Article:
Cosmology

Webb Sees a Supernova Go Off in a Gravitationally Lensed Galaxy – for the Second Time

Nature, in its infinite inventiveness, provides natural astronomical lenses that allow us to see objects beyond the normal reach of our telescopes. They’re called gravitational lenses, and a few years ago, the Hubble Space Telescope took advantage of one of them to spot a supernova explosion in a distant galaxy.

Now, the JWST has taken advantage of the same lens and found another supernova in the same galaxy.

A gravitational lens is a massive object like a galaxy or galaxy cluster. The object’s mass creates a curvature in space-time. When light from an object behind the lens travels past the cluster, it’s magnified. Most gravitational lenses were discovered accidentally, but recently, dedicated searches have found more of them, and they’ve become an important tool in astronomy.

In 2019, astronomers found a supernova in images the Hubble Space Telescope captured in 2016 of a galaxy named MRG-M0138. Those images were gravitationally lensed by a galaxy cluster called MACS J0138.0-2155.

Now, the JWST has observed the same galaxy through the same lens and found another supernova that exploded only seven years after the previous one. This is remarkable and is the first time astronomers have found two supernovae in the same galaxy.

Gravitational lenses do more than just magnify background objects. They also create multiple images of the objects. But the images don’t arrive at the same time, and their temporal separation is another astronomical tool.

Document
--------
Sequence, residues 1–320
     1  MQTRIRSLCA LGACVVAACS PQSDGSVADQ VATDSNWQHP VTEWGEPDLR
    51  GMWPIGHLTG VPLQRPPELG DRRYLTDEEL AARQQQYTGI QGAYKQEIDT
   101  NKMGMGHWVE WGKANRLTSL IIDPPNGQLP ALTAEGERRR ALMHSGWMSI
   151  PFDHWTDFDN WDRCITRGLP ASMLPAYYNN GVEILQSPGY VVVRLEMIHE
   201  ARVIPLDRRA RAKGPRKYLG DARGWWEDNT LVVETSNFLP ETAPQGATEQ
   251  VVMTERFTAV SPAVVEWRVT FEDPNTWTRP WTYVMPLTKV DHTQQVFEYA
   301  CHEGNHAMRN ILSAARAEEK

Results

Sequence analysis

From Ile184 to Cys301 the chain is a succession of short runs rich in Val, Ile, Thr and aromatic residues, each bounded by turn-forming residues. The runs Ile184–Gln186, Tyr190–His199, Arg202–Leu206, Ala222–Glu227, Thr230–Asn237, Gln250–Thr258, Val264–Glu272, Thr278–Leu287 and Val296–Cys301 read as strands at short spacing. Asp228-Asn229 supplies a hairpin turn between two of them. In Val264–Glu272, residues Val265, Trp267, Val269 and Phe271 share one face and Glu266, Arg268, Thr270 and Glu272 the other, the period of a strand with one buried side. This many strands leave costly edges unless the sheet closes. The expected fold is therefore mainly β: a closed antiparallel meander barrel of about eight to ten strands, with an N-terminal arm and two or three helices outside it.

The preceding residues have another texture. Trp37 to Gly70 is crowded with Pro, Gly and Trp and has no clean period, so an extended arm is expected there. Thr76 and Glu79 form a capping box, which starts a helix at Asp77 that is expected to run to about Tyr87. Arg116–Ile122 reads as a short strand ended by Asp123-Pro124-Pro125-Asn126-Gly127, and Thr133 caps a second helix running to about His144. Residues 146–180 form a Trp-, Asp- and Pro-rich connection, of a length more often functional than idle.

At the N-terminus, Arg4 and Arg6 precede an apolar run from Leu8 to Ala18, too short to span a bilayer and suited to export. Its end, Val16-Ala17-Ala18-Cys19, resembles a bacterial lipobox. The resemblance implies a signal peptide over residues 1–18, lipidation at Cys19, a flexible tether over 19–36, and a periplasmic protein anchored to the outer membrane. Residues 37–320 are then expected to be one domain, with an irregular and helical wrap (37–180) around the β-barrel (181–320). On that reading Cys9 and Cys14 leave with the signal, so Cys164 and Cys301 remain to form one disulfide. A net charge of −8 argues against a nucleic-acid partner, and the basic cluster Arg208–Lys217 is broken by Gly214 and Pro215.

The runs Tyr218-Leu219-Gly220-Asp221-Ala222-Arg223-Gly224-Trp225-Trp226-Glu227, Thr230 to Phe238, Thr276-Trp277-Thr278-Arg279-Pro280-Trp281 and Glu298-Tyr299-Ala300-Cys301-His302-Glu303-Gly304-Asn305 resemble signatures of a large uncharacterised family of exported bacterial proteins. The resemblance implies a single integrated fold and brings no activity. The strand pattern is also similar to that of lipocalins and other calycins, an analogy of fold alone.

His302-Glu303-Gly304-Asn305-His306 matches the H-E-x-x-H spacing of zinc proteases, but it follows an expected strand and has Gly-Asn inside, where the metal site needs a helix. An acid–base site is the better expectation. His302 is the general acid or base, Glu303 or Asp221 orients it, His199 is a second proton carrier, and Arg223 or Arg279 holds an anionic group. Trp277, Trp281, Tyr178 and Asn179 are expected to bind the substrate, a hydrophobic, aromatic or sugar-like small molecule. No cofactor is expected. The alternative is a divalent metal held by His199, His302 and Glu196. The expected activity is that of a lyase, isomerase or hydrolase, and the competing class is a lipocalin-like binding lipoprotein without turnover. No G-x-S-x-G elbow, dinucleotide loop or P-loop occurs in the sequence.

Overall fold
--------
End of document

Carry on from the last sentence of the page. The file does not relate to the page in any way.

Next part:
This illustration shows how astronomers use gravitational lensing to study very distant and very faint objects. Note that the scale has been greatly exaggerated in this diagram. In reality, the distant galaxy is much further away and much smaller. Image Credit: NASA, ESA & L. Calcada

In a NASA blog post, Justin Pierel of NASA’s Space Telescope Science Institute (STScI) and Andrew Newman from the Observatories of the Carnegie Institution for Science explained the findings.

“When a supernova explodes behind a gravitational lens, its light reaches Earth by several different paths,” the pair explain. “We can compare these paths to several trains that leave a station at the same time, all travelling at the same speed and bound for the same location. Each train takes a different route, and because of the differences in trip length and terrain, the trains do not arrive at their destination at the same time.”

So, images of a single supernova can arrive at our telescopes at different times, sometimes separated by several years. This arrangement, though it can seem confounding, is actually another useful tool. Studying the images can help scientists measure the Hubble constant, which is the history of the expansion rate of the Universe. “The catch is that these multiply-imaged supernovae are extremely rare: fewer than a dozen have been detected until now,” the pair of scientists explain.

“Within this small club, the 2016 supernova in MRG-M0138, named Requiem, stood out for several reasons,” Pierel and Newman explain. The first is that the supernova is 10 billion light years away. The second is that it’s also a Type 1a supernova. Type 1a supernovae serve as standard candles, objects with known luminosities that can be used to gauge distances in the cosmic distance ladder. The third reason is that one of the images will be so delayed that it won’t arrive until the middle of the 2030s.